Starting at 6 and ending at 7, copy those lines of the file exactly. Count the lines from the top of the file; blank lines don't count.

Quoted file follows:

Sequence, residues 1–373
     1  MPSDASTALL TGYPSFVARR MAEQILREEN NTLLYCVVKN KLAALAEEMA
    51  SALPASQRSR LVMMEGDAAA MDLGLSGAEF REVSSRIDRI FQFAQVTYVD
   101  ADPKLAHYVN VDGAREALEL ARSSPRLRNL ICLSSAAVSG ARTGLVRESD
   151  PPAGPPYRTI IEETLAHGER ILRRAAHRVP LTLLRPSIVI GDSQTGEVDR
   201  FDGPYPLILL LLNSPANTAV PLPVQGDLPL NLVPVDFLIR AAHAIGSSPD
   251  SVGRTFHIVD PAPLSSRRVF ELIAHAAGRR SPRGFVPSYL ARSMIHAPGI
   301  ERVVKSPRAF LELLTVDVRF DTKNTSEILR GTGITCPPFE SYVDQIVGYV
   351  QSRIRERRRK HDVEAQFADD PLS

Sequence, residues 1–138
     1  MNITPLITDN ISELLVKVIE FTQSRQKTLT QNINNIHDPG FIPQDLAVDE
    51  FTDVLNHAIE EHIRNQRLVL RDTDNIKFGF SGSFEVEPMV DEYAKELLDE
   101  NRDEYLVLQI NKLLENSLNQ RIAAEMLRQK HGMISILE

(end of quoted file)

   201  FDGPYPLILL LLNSPANTAV PLPVQGDLPL NLVPVDFLIR AAHAIGSSPD
   251  SVGRTFHIVD PAPLSSRRVF ELIAHAAGRR SPRGFVPSYL ARSMIHAPGI